On April 11th, 2018, Musikmesse opened their doors and a and a virtually unknown synth manufacturer called Exodus Digital was the buzz on many attendees minds. The promise of a new synth power house, possibly the long-awaited replacement for the aging Access Virus line, was already teased and the masses were very interested in seeing the final design.
Offering a whopping 10 Oscillators per voice, each with 32x oversampled rate, and a guaranteed 120 voice performance, the Valkyrie (as it was known) promised to be the wall of sound that the digital synth world was waiting for. Beyond the hugely impressive specs, one very interesting fact was that nothing in the Valkyrie was running on the traditional DSP engines that have become the staple of digital synth manufacturers for years. In fact, according to the creator, Manuel Caballero, DSP wasn’t even an option for such massively packed synth. The Valkyrie needed something entirely new. And so we learned of a new technology known as Feild-Programmable Gate Array or FPGA, that according to Caballero, drastically leaps the capabilities of DSP allowing for 128 voices over 8 polytimbral Parts via four balanced stereo outputs at 32-bit/96kHz as well as streaming each Part over USB 2.0 at 24-bit/96kHz. Simply put; WOW!
Despite this seemingly huge milestone of synthesis, Exodus Digital was a fairly unknown, extremely small organization. One of Caballero’s goals at Musikmesse was to find a partner for distribution so that synth heads like myself could actually hope to get our hands on this monster one day. That search not only yielded distribution help but an actual straight-up partnership with synth legend Waldorf Music. The first known fruit of this partnership was a name change and the promise of an overhaul of the layout and build of the synth. We learned the new name very quickly; the Kyra. The new layout and design was just released and featured at NAMM 2019.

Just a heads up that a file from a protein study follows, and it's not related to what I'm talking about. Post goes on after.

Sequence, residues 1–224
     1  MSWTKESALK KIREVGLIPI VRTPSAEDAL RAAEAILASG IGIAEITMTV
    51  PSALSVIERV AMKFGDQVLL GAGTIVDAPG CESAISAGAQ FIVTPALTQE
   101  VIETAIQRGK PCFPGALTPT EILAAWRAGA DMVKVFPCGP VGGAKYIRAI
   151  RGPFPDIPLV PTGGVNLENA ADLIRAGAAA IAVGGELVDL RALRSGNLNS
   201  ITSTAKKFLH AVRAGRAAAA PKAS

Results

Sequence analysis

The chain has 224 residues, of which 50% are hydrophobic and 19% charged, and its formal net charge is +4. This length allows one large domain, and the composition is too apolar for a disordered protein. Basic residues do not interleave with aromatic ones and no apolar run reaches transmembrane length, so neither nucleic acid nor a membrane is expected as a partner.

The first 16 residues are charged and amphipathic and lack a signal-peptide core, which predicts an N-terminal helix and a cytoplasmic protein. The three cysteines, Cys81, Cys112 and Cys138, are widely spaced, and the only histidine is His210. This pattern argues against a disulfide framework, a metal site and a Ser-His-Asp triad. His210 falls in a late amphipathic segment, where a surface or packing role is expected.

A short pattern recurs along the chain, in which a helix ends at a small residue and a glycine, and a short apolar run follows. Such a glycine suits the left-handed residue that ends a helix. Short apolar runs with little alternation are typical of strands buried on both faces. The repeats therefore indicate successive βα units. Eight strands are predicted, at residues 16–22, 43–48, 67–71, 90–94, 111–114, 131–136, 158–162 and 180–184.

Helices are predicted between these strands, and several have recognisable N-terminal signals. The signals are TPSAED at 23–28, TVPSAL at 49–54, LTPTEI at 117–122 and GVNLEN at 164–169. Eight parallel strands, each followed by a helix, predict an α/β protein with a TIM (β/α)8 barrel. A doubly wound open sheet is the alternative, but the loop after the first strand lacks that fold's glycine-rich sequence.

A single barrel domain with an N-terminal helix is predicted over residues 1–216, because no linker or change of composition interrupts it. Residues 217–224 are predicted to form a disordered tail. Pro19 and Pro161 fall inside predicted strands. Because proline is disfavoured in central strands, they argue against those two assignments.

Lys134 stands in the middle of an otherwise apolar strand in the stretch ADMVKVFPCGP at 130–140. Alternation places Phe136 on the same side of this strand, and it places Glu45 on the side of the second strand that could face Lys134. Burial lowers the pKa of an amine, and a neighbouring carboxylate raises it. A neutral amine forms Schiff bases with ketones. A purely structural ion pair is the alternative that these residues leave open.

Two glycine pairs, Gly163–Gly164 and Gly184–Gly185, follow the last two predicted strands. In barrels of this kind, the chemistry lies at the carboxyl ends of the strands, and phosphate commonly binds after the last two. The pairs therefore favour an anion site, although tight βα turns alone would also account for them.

The last prototype of the Valkyrie by Exodus Digital
The new (and final iteration) now known as the Waldorf Kyra
Check out the specs below and also the video at the bottom:
- 128 voice polyphony (regardless of settings and effects), each with 10 oscillators per voice;
- eight-part multitimbrality (with each part having its own dedicated nine-module effects unit).
- state-of-the-art audio quality: think 32x oversampled hardware with dual wavetables providing over 4,000 waveshapes;
- true stereo operation, hard sync, FM (Frequency Modulation), and ring modulation;
- oversampled emulations of classic analogue ladder filters, with 2- and 4-pole configurations;
- two filters can be used in Dual Voice mode, making for even more creative options;
- three envelope generators;
- three stereo LFOs (Low Frequency Oscillators) with 64 shapes and MIDI (Musical Instrument Digital Interface) clock sync;
- an arpeggiator;
- full keyboard microtuning;
- true polyphonic portamento; and
- a comprehensive 18-channel modulation matrix.
- each of its eight parts featuring a three-band EQ with sweepable mid
- dual tube limiters
- formant filter
- six-stage phaser
- stereo digital delay
- comb/flanger/chorus/doubler unit
- programmable reverb
- All effects units on all parts can be used simultaneously and run at Kyra’s native 96kHz sample rate.
- four assignable, balanced 32-bit/96kHz stereo outputs
- a headphone output
- low-latency DIN MIDI
- fully class-compliant USB2 implementation for MIDI
- stereo 24-bit/96kHz audio stream for each of its eight parts.
- USB (Universal Serial Bus) audio return feature, so Kyra can render final DAW (Digital Audio Workstation) audio under ASIO (Audio Stream Input/Output)